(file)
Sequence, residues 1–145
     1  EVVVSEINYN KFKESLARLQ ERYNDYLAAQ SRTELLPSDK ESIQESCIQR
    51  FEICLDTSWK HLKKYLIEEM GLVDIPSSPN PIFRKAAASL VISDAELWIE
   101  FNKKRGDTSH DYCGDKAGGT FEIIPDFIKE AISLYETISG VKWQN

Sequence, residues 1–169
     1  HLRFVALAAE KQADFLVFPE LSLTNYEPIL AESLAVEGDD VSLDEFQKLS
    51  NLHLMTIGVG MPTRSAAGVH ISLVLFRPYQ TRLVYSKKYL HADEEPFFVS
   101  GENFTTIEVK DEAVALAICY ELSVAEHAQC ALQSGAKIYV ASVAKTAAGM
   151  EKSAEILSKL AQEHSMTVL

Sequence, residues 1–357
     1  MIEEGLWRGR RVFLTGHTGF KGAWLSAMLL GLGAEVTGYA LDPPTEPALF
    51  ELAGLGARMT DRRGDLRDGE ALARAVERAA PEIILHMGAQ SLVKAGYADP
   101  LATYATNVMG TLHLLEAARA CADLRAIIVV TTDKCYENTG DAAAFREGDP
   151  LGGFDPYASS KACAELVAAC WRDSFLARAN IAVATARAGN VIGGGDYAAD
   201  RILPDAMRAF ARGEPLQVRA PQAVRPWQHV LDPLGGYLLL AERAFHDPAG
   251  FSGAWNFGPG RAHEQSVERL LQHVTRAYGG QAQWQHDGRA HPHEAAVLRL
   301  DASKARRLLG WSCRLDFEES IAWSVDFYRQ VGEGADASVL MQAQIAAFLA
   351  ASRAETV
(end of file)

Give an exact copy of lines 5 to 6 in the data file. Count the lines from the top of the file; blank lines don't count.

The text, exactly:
Sequence, residues 1–169
     1  HLRFVALAAE KQADFLVFPE LSLTNYEPIL AESLAVEGDD VSLDEFQKLS